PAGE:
Population-genomic insights into emergence, crop-adaptation, and dissemination of Pseudomonas syringae pathogens
This is an open access article published by the Microbiology Society under the Creative Commons Attribution-NonCommercial License
Many bacterial pathogens are well characterized but, in some cases, relatively little is known about the populations from which they emerged. This limits understanding of the molecular mechanisms underlying disease. The crop pathogen Pseudomonas syringae sensu lato has been widely isolated from the environment, including wild plants and components of the water cycle, and causes disease in several economically important crops. Here, we compared genome sequences of 45 P. syringae crop pathogen outbreak strains with 69 closely related environmental isolates. Phylogenetic reconstruction revealed that crop pathogens emerged many times independently from environmental populations. Unexpectedly, differences in gene content between environmental populations and outbreak strains were minimal with most virulence genes present in both. However, a genome-wide association study identified a small number of genes, including the type III effector genes hopQ1 and hopD1, to be associated with crop pathogens, but not with environmental populations, suggesting that this small group of genes may play an important role in crop disease emergence. Intriguingly, genome-wide analysis of homologous recombination revealed that the locus Psyr 0346, predicted to encode a protein that confers antibiotic resistance, has been frequently exchanged among lineages and thus may contribute to pathogen fitness. Finally, we found that isolates from diseased crops and from components of the water cycle, collected during the same crop disease epidemic, form a single population. This provides the strongest evidence yet that precipitation and irrigation water are an overlooked inoculum source for disease epidemics caused by P. syringae.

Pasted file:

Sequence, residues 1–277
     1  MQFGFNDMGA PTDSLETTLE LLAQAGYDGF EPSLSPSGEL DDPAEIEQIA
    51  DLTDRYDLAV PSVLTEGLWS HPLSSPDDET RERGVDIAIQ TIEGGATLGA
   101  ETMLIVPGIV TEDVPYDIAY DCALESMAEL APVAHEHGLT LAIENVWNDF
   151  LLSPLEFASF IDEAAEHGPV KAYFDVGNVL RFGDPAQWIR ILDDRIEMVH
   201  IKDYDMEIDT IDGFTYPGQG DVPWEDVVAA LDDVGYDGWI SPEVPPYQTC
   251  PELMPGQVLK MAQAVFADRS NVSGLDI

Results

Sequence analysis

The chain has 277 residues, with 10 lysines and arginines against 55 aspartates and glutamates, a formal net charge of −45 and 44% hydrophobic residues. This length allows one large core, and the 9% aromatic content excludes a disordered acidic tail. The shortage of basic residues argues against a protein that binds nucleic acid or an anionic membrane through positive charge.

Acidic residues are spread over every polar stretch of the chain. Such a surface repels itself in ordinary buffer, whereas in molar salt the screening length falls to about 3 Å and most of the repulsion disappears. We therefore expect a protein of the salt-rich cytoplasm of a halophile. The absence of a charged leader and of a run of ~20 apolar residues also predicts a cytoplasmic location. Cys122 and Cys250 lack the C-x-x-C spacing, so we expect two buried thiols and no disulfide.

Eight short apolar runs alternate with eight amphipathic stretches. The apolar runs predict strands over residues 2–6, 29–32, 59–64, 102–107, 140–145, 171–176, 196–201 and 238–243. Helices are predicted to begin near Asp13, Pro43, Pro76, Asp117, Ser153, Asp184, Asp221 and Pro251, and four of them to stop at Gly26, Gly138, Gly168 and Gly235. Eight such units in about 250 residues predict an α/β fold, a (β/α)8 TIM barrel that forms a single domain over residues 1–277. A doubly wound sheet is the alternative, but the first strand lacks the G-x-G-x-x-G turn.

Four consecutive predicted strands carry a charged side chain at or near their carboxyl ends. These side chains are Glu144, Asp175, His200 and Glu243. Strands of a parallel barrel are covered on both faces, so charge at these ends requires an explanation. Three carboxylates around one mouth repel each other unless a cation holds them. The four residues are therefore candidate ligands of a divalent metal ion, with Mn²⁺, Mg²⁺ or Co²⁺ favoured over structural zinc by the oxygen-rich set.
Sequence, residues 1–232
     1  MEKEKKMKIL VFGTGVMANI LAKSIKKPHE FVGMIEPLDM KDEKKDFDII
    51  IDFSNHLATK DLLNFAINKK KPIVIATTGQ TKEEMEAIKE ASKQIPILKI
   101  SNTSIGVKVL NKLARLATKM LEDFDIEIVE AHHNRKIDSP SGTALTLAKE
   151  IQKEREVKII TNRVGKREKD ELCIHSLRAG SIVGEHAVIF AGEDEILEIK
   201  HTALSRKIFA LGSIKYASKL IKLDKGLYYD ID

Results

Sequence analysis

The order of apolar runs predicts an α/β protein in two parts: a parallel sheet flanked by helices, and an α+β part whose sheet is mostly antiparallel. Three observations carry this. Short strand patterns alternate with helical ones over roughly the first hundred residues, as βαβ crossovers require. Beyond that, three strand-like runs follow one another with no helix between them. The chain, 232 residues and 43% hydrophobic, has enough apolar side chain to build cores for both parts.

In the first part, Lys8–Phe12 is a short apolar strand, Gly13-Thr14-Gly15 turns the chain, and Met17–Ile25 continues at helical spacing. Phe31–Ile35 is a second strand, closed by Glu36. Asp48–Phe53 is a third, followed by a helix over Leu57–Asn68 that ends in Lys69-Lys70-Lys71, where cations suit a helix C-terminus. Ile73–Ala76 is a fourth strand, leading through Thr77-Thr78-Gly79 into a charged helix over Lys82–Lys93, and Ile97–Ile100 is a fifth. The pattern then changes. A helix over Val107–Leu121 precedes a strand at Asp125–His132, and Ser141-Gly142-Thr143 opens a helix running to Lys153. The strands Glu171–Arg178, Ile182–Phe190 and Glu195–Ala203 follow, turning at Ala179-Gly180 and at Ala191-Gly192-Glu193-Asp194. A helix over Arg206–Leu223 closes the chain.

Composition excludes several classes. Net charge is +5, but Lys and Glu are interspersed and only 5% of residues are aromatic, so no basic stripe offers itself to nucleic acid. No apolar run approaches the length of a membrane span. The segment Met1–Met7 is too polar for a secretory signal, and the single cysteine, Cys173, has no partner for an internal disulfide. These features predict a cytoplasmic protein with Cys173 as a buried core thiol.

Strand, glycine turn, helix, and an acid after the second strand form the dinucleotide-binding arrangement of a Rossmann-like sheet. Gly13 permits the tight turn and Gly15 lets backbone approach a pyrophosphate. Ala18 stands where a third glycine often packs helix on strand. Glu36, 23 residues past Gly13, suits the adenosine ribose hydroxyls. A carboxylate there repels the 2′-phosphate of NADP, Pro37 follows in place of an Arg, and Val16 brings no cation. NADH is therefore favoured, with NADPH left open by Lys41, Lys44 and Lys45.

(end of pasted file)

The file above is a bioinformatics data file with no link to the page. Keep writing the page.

Caroline L. Monteil received support from INRA and the European Union, in the framework of the Marie-Curie FP7 COFUND People Programme, through the award of an AgreenSkills’ fellowship (under grant agreement n° 267196). Research in Boris A. Vinatzer’s laboratory and genome sequencing was funded by the National Science Foundation of the USA (grants IOS-1354215 and DEB-1241068). Funding for work in the Vinatzer laboratory was also provided in part by the Virginia Agricultural Experiment Station and the Hatch Program of the National Institute of Food and Agriculture, U.S. Department of Agriculture. Work carried out in the Sheppard laboratory was supported by the Medical Research Council (MRC) grant MR/L015080/1, and the Wellcome Trust grant 088786/C/09/Z. GM was supported by a NISCHR Health Research Fellowship (HF-14-13).
This is the author accepted manuscript. The final version is available from the publisher via the DOI in this record.
Published Ahead of Print: 20 September, 2016 Microbial Genomics doi: 10.1099/mgen.0.000089